5
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To test incoming data for string values that are too large for the "database" (MS Access), I could do this:

private void SaveToMSAccess(InventoryItem invItem, string dbContext)
{
    invItem = TruncateVerboseStringMembers(invItem);
    . . .
}

private InventoryItem TruncateVerboseStringMembers(InventoryItem invItem)
{
    const int DESC_MAX_LEN = 35;
    const int VENDOR_ID_MAX_LEN = 10;
    const int VENDOR_ITEM_MAX_LEN = 12;
    if (invItem.Description.Trim().Length > DESC_MAX_LEN)
    {
        invItem.Description = invItem.Description.Substring(0, DESC_MAX_LEN);
    }
    if (invItem.vendor_id.Trim().Length > VENDOR_ID_MAX_LEN)
    {
        invItem.vendor_id = invItem.vendor_id.Substring(0, VENDOR_ID_MAX_LEN);
    }
    if (invItem.vendor_item.Trim().Length > VENDOR_ITEM_MAX_LEN)
    {
        invItem.vendor_item = invItem.vendor_item.Substring(0, VENDOR_ITEM_MAX_LEN);
    }
    return invItem;
}

...where TruncateVerboseStringMembers() is always called, even though normally all conditions will fail (strings will not be too long), or I could do it like this:

const int DESC_MAX_LEN = 35;
const int VENDOR_ID_MAX_LEN = 10;
const int VENDOR_ITEM_MAX_LEN = 12;

private void SaveToMSAccess(InventoryItem invItem, string dbContext)
{
    if ((invItem.Description.Trim().Length > DESC_MAX_LEN) ||
        (invItem.vendor_id.Trim().Length > VENDOR_ID_MAX_LEN) ||
        (invItem.vendor_item.Trim().Length > VENDOR_ITEM_MAX_LEN))
    {
        invItem = TruncateVerboseStringMembers(invItem);
    }
    . . .
}

private InventoryItem TruncateVerboseStringMembers(InventoryItem invItem)
{
    if (invItem.Description.Trim().Length > DESC_MAX_LEN)
    {
        . . .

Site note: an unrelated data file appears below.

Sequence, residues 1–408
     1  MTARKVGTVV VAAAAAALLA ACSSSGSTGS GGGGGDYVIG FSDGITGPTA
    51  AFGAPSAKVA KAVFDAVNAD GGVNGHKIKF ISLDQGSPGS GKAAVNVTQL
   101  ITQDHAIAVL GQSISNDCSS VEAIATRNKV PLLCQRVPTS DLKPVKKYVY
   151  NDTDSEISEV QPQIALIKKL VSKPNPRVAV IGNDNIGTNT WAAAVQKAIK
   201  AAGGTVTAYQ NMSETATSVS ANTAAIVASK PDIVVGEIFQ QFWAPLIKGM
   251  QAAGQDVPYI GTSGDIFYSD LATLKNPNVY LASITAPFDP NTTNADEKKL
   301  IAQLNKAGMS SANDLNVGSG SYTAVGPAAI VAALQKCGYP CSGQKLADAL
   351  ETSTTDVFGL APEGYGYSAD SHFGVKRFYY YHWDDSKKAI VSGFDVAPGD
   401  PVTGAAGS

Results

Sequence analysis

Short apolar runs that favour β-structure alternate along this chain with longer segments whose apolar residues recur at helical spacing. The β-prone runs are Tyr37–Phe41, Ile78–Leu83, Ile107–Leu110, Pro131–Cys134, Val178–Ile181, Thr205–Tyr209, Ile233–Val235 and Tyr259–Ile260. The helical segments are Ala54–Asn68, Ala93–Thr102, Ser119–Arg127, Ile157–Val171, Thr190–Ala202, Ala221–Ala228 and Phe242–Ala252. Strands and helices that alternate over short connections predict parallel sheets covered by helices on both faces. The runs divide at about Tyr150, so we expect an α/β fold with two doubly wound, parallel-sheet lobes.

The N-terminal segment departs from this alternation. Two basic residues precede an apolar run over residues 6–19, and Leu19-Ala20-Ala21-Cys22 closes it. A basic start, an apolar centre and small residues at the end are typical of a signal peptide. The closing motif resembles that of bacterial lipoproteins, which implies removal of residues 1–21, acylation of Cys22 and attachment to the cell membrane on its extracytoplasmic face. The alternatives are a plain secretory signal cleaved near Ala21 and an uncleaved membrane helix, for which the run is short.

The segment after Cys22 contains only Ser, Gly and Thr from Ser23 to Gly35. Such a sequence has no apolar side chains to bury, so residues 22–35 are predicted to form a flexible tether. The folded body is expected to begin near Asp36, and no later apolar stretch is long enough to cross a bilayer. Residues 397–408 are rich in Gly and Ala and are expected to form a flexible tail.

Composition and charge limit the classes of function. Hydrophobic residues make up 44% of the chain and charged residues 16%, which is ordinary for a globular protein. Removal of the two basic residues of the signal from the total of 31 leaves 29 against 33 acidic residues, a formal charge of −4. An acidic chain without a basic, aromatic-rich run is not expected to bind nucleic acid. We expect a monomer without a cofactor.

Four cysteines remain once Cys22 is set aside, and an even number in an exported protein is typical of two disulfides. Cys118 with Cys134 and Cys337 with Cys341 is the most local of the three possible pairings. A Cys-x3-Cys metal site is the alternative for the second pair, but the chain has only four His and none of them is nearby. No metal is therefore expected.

...where TruncateVerboseStringMembers() is only called when it needs to swing into action.

Or something fancier, where, if any strings are too long, I pass an array of bool to TruncateVerboseStringMembers().

Which is preferred?

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  • 2
    \$\begingroup\$ You are still doing the double check. There is no good reason to check the length of all the strings, only to re-check all of them if any of them should be truncated. You only get duplication of code which means more code to maintain and in this case also more work for the code to do. \$\endgroup\$ – Guffa Feb 13 '14 at 1:55
5
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Making duplicate testing just to avoid a method call doesn't make much sense. Method calls are not that expensive. On the contrary, they can help make the code cleaner.

You can make a method that helps you clean up the strings, just pass in how long each string may be. I think that maked the code as DRY as possible:

private string TruncateString(string value, int maxLen) {
  value = value.Trim();
  if (value.Length > maxLen) {
    value = value.Substring(0, maxLen);
  }
  return value;
}

private InventoryItem TruncateVerboseStringMembers(InventoryItem invItem) {
  invItem.Description = TruncateString(invItem.Description, 35);
  invItem.vendor_id = TruncateString(invItem.vendor_id, 10);
  invItem.vendor_item = TruncateString(invItem.vendor_item, 12);
  return invItem;
}

This will give you the overhead of always calling the method for each string and always assigning the reference back, but those are very cheap operations. Compared to any database call, it's negligible.

If there is nothing in the string to trim, and nothing to truncate, you will actually be putting back the original string reference in the property, so there are no extra strings created in the usual case.

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  • \$\begingroup\$ As the old cat in "Never Cry Wolf" said, "Good idea!" \$\endgroup\$ – B. Clay Shannon Feb 12 '14 at 21:31

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